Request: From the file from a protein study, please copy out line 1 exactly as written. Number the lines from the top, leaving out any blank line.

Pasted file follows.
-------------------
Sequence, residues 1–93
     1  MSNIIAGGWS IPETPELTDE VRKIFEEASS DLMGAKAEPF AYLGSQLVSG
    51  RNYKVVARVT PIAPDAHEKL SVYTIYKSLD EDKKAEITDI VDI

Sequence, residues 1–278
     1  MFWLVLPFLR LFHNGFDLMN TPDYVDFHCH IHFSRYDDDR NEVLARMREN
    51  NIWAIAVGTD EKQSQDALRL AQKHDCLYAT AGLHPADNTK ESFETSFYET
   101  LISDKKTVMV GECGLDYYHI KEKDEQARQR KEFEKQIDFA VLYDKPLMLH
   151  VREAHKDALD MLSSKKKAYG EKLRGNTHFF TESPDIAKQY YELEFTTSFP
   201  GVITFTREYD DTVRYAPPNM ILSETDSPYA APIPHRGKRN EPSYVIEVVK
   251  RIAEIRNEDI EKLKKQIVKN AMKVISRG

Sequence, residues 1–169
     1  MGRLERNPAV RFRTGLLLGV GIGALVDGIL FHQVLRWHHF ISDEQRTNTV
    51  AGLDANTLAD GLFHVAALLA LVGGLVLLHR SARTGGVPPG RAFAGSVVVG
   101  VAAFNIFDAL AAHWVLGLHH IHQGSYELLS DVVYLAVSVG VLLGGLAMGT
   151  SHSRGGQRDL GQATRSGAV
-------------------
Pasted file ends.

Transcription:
Sequence, residues 1–93